Thank *you* Nupur — looking forward to the rest of the alphabet! πŸ™‚

  2. asha said

    Great idea for Breakfast Linda! Looks great.
    This time I couldn’t participate in A to Z since I am busy cooking for ShivaRatri ,may be next time.This is THE festival for us!;D

    I’m waiting for the fantabulous dishes you made, Asha! πŸ™‚

  3. indosungod said

    Linda , Dosakaya bread that is ‘C’ is for Creative. Looks delicious. Samples
    please!!

    Thanks ISG! One plate, coming your way! πŸ˜‰

  4. Sandeepa said

    Wow that’s creative. Have never had Dosakaya before, and are you the first one who incorporated it in a bread ?

    Hi Sandeepa — no idea if I am the first, it was just an idea popped into my head πŸ™‚

  5. Ashwini said

    You know we (Konkani) have a sort of cumcumber cake which is almost similar but that can be baked or steamed. It was so nice to see something along the same lines…excellent entry Linda. D is for Delicious πŸ™‚

    Thank you, Ashwini — I will have to try the Konkani cake! Also waiting for drumsticks next time I go shopping, for that *delicious* looking dal you made πŸ™‚

  6. sia said

    this is very interesting recipe linda. i love that rich golden brown colour. i have had appam and steam cooked cakes. will look out for yellow cucumber next time:)

    Thanks Supriya. I had never seen that cucumber all these months — now suddenly it’s in alot of the stores πŸ™‚

  7. sailaja said

    Honestly, you amaze me, Linda. Wonderfully creative and a wonderful adaption of a carrot nut recipe.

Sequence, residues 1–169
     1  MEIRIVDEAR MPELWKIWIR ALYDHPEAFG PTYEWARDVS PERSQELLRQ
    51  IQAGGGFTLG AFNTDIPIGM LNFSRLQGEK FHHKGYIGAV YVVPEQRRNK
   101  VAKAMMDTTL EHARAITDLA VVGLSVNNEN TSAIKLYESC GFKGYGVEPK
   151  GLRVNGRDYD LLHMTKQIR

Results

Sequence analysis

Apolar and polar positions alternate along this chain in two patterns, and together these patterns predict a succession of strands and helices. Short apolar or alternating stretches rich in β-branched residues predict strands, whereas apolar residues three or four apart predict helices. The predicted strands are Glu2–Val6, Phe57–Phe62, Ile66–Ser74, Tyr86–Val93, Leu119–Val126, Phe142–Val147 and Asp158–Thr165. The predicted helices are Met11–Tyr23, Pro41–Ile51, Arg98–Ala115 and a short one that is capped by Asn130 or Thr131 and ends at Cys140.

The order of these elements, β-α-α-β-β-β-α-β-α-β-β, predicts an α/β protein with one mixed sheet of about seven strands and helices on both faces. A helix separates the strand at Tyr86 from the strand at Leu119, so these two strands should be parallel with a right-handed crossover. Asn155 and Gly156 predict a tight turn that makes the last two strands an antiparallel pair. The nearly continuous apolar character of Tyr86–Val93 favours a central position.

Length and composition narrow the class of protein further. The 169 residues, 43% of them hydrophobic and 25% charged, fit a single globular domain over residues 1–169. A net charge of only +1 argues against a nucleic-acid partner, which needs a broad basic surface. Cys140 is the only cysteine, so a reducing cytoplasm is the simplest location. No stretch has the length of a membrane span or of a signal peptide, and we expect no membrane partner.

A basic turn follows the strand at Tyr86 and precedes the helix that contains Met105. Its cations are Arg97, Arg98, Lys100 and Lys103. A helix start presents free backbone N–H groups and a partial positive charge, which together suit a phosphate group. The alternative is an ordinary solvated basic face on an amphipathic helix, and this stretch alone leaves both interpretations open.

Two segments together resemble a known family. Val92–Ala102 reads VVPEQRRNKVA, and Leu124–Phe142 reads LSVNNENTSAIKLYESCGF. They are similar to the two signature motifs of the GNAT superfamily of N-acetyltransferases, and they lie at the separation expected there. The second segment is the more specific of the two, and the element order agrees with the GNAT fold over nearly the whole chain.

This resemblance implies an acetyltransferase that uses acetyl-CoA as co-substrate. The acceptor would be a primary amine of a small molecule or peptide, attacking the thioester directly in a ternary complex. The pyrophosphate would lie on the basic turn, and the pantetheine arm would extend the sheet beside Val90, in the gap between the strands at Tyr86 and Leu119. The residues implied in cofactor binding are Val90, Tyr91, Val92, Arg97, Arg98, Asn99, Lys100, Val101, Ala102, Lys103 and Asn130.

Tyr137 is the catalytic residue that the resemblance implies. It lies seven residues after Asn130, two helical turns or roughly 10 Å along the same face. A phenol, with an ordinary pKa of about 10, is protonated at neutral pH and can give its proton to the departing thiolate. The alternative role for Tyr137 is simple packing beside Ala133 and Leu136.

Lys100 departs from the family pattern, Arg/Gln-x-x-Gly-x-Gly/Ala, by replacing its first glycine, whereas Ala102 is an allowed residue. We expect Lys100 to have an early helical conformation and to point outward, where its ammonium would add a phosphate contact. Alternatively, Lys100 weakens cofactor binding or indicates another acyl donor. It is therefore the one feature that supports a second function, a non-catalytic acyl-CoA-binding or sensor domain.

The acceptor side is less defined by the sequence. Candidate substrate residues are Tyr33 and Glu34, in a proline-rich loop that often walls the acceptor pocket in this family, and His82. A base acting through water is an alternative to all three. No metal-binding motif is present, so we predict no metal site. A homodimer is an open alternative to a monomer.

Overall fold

I would love to have a slice of that..:)

    Come by anytime, Sailaja, thanks! πŸ™‚

  8. mandira said

    Linda – what a unique idea. This looks delicious. Will definitely try this soon.

    Nice to see you Mandira! If you try, I hope you enjoy! πŸ™‚

  9. Trupti said

    you’re quite creative…what a nice twist! Bet it tastes great with coffee!

    trupti

    It was surprisingly good, Trupti! I am always a little trepedatious about baking πŸ˜‰

  10. Sushma said

    Wow, that such an unusal bread.. what a sweet idea….Ohh i love freshly baked bread…sound so delicious
    -Sushma

    Thanks, Sushma — I love the smell of fresh bread too. This one was pretty easy, do try sometime πŸ™‚

  11. Interesting recipe. Very nice looking bread.

    Hi Jasmin, thanks! πŸ™‚

  12. Hema said

    Linda! you have created a one of a kind bread! Indians usually do not bake bread and non-Indians (you are not considered one) do not know what dosakkaya is. Apply for a patent right away.

    Hema!! This made me laugh when I read from work! And thanks for the compliment πŸ™‚
    Yes, I think I shall go apply for a patent. You get in line behind me for that veg. pot pie, hear? πŸ˜‰

  13. swapna said

    wow linda
    dosakaya bread ..very interesting..

    Thanks, Swapna πŸ™‚

  14. Aruna said

    Hi This is a lovely recipe…. Can you please let me know how to make this recipe without egg? What can I use to replace eggs? Thanks for the help.